Crude prices rise despite inventory build

March 9, 2021 By    

How do crude prices rise after the U.S. Energy Information Administration (EIA) reports a 21.563-million-barrel increase in crude inventory?

Chart: Cost Management Solutions

Chart: Cost Management Solutions

That is a very good question. We are glad it was asked.

First, let’s look at why inventory increased.

Demand for crude primarily comes from refineries and, to a lesser degree, export demand.

Refinery throughput plummeted during the winter storm that moved through the South in mid-February because so much of U.S. refining capacity is located in the areas that were most adversely affected.

During that period, there was an uptick in crude imports of 1.693 million barrels per day (bpd), which helped offset some of the losses in U.S. crude production and resulted in the inventory build.

Chart: Cost Management Solutions

Chart: Cost Management Solutions

On the other side of the refinery, refined fuels demand was not nearly as impacted as refinery throughput.

Refineries are still recovering from the winter storm, while refined fuels demand has fully recovered. As a consequence, there were huge draws on refined fuels inventory.

U.S. gasoline inventory declined 13.624 million barrels.

Distillate inventory, which includes heating oil and diesel, was down 9.719 million barrels.

The declines in inventories downstream of the refineries were greater than the decline in crude inventory upstream. Traders became focused on the changes in downstream inventory, causing prices to rise.

Chart: Cost Management Solutions

Chart: Cost Management Solutions

But the story for crude was not over last Wednesday after the EIA reported. Crude got another boost on Thursday from producer group OPEC+.

OPEC+ has been producing below its benchmark production rates to boost crude prices. Saudi Arabia had even voluntarily cut an extra 1 million bpd in February and March. Leading up to the OPEC+ meeting, there were expectations that the voluntary cut would end in April. There was talk that the group was planning another 500,000-bpd increase in production on top of the end of Saudi Arabia’s voluntary cut.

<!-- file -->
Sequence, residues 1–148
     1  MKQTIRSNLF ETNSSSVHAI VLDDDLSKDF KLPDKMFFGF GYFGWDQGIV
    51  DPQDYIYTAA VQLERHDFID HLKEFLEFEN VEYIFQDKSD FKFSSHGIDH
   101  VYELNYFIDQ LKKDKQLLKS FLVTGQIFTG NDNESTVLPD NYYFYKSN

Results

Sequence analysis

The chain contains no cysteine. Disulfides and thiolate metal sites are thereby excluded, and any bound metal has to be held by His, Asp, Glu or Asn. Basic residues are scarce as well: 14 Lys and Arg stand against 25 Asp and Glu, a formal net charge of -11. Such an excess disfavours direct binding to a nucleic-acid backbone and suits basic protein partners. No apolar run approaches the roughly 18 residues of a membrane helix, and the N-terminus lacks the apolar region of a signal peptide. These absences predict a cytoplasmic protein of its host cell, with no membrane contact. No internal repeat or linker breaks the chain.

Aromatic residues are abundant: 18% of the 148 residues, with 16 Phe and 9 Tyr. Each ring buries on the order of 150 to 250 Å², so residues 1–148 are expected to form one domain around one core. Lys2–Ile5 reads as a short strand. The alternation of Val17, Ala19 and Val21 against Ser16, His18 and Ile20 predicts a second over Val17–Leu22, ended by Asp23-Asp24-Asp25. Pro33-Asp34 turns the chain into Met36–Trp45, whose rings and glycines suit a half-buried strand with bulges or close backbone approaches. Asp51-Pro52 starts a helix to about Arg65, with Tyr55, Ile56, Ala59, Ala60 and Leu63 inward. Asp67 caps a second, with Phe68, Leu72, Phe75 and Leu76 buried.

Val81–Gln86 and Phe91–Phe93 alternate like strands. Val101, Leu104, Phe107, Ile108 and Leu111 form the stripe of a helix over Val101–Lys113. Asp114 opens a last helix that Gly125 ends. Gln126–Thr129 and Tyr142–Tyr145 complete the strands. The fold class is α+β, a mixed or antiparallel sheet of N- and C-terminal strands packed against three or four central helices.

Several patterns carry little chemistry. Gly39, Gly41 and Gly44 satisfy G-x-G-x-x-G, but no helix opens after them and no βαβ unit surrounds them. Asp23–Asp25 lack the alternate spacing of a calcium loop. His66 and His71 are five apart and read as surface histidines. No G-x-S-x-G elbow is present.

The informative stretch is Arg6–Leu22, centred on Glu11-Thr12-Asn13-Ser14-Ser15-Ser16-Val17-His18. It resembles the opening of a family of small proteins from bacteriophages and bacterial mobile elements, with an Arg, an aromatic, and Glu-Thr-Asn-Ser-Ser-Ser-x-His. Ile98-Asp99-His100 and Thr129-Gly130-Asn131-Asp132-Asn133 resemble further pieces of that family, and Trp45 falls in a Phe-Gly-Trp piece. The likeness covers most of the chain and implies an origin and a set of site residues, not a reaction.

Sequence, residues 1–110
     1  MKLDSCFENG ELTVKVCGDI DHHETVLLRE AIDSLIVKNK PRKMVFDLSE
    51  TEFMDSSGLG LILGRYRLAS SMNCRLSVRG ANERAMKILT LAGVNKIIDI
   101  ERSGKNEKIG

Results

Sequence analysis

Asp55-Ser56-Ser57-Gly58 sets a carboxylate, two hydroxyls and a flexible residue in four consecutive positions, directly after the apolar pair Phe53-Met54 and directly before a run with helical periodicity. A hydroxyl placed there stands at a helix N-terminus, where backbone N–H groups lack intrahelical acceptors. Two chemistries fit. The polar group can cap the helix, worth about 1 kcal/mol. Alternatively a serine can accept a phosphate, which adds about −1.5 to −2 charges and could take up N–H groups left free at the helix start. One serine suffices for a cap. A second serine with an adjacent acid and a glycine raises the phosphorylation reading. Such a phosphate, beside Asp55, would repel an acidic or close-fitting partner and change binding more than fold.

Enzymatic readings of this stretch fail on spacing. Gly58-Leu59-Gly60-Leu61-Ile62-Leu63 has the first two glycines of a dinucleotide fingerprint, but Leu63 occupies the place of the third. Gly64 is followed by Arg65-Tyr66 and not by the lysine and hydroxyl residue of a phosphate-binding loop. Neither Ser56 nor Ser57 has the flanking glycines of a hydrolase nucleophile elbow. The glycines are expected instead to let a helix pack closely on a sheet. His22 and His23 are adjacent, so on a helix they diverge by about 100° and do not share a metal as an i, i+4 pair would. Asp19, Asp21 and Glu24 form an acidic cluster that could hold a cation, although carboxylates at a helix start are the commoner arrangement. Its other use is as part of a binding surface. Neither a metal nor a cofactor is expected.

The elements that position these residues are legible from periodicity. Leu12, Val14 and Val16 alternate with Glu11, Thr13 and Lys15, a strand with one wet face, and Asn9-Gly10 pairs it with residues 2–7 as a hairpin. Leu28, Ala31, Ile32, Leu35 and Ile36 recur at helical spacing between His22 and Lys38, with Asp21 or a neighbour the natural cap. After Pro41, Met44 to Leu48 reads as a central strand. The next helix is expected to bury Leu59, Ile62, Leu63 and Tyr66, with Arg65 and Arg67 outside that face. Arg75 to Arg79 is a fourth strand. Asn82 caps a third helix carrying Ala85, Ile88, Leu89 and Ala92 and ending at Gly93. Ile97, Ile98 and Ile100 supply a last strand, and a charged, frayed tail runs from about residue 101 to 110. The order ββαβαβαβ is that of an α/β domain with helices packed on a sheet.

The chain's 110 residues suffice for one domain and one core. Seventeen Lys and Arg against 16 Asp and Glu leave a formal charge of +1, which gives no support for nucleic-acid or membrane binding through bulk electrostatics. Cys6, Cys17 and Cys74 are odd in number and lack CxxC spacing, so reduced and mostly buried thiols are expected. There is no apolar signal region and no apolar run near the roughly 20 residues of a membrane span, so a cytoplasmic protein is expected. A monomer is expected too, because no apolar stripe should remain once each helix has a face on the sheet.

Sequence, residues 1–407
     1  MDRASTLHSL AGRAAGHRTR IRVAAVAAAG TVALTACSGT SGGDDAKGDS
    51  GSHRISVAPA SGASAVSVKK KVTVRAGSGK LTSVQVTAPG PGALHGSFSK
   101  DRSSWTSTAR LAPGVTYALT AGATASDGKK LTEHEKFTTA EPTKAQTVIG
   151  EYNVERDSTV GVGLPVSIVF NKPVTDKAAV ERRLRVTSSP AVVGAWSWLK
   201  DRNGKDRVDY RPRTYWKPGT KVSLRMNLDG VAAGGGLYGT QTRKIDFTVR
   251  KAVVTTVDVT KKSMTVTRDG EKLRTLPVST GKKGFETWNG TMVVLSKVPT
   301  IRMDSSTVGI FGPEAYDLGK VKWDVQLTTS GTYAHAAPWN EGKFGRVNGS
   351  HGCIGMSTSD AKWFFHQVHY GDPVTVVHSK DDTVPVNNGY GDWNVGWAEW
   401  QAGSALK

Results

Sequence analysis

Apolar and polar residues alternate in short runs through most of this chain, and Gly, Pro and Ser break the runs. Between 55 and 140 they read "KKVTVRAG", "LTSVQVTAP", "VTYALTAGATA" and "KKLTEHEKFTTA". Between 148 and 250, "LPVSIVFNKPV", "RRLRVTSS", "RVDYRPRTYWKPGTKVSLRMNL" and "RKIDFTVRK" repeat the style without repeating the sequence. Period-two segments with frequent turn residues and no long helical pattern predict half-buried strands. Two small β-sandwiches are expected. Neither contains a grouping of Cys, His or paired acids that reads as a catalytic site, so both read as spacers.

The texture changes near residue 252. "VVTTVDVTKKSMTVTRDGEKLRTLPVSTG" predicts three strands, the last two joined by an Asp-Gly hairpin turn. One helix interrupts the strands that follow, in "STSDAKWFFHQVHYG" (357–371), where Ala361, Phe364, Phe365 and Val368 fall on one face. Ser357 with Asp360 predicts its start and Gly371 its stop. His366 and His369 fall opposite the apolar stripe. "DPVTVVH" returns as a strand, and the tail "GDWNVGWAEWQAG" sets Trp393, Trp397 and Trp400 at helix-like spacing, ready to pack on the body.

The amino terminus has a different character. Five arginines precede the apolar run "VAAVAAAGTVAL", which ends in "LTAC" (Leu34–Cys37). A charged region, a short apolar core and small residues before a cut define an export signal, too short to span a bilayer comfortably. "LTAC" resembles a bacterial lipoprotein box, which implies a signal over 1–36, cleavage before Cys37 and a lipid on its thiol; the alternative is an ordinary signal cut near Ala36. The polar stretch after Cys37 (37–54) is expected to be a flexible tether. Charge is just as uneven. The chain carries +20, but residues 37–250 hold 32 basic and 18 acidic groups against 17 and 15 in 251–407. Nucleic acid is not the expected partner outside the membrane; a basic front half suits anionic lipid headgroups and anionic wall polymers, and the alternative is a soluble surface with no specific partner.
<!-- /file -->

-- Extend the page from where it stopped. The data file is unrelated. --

What happened was the group allowed member Russia to increase production 130,000 bpd, and the rest of the producers kept production the same. That included Saudi Arabia rolling its voluntary cut into April.

Chart: Cost Management Solutions

Chart: Cost Management Solutions

Crude, which had been trending lower, jumped $1.53 per barrel on the big refined fuels draw last Wednesday. Then, it jumped $2.55 on the OPEC+ surprise. As of last Friday, West Texas Intermediate (WTI) was up another $2.22 at $66.05 per barrel, perhaps due to the combination of the two events.

Despite the big gains in crude prices since November (WTI up $35.76 to $66.05 per barrel), U.S. crude production has not recovered. Even without the influences of the winter storm, it was running 2.1 million bpd below its peak.

U.S. producers were really hurt by the low prices following the pandemic. Most are being forced by creditors and investors to focus on profit rather than production growth.

The lack of improvement in production given the significant gains in crude’s price is telling about the health of the U.S. energy sector. Further, the Biden administration is adversarial toward the hydrocarbon industry. Many are predicting U.S. production will never recover to pre-pandemic levels. Others believe it will be years before it occurs.

This has OPEC+ pushing the envelop on crude’s price. The threat of higher crude prices that will also influence propane’s price is very real. Along with tighter propane fundamental trends, crude trends are pointing toward a higher price environment ahead.

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